The Canadian province of Alberta will pay three local coal power producers $1.36 billion over the next 14 years to compensate them for shutting down their plants early as part of the government’s climate change agenda.
The province will pay Capital Power Corp., TransAlta Corp. and ATCO Ltd. a total of $97 million per year, beginning next year and payable every year until 2030, to shut down six of their 18 power plants early, Alberta’s Energy Minister Marg McCuaig-Boyd said.
The remaining 12 coal-fired electric generating stations in the province are all scheduled to close, or convert to natural gas, before 2030.
The province added it is also wrapping up negotiations over power contract disputes that led to a controversial lawsuit, having reached three agreements with companies, though two are tentative.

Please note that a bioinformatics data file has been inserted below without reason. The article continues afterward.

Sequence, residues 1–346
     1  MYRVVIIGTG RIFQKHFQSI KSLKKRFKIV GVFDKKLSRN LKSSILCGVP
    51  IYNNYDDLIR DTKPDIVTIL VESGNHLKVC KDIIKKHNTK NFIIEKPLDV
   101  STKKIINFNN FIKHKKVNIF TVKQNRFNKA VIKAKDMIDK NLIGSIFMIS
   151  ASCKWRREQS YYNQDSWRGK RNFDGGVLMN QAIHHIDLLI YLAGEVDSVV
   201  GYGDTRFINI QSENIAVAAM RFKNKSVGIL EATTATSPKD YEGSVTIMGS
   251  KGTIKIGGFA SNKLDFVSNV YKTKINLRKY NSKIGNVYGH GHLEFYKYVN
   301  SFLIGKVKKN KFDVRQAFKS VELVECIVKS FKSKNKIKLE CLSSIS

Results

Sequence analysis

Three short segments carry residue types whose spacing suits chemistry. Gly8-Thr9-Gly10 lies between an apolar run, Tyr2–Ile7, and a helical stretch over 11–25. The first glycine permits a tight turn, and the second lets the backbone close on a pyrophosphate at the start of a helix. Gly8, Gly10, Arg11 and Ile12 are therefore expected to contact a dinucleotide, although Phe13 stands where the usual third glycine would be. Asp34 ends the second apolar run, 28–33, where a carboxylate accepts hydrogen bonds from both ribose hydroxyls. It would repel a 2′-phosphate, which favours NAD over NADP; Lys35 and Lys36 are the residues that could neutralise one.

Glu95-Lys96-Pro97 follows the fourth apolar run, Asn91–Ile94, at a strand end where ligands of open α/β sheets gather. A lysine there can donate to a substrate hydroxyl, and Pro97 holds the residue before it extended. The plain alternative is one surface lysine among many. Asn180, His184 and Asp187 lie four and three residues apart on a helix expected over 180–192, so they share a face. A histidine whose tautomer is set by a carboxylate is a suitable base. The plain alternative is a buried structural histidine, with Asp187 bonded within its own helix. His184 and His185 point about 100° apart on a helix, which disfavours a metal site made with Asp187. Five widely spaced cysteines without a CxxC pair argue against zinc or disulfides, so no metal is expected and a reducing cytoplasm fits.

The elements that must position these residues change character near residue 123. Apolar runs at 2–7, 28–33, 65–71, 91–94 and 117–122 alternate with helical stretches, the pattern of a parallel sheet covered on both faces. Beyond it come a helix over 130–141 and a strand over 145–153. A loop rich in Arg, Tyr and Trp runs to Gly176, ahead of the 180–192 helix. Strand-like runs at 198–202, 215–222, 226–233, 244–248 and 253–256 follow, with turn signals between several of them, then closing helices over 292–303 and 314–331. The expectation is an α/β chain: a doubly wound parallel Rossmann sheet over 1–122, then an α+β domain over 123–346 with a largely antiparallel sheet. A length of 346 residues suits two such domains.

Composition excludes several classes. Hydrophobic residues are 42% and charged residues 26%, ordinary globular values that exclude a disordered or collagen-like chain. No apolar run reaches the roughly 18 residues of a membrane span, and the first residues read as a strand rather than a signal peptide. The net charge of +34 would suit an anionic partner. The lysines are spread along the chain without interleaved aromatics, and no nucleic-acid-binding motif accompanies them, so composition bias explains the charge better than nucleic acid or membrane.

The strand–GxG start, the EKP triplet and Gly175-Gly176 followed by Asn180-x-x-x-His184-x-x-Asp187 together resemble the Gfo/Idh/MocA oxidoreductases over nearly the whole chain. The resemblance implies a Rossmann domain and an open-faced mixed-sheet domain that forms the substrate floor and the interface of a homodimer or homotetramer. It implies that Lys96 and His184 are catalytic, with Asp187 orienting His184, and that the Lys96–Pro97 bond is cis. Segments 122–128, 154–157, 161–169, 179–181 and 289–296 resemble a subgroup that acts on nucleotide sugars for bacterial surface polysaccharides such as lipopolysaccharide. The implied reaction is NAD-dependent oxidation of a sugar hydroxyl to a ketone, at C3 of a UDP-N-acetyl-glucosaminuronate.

Alberta’s climate change policy seeks to close all coal-fired plants in the oil sands-rich province by 2030, but six newer facilities were previously allowed to operate until as late as 2061, leading their owners to call for compensation.
The newer units are likely to be converted to natural gas co-generation plants, CBC News reports.
Energy consultant Terry Boston, hired to help Alberta with its transition away from coal, recommended the announced payments. He is also the main supporter of converting the newest coal-fired power plants into other kinds of facilities.
“That will provide jobs, both construction jobs and operating jobs, locally. Ultimately those jobs would not be as large as you would have for a coal plant,” he told CBC.
The payments are the latest announcement in a series of new initiatives unveiled this week detailing how the province is transforming its energy market.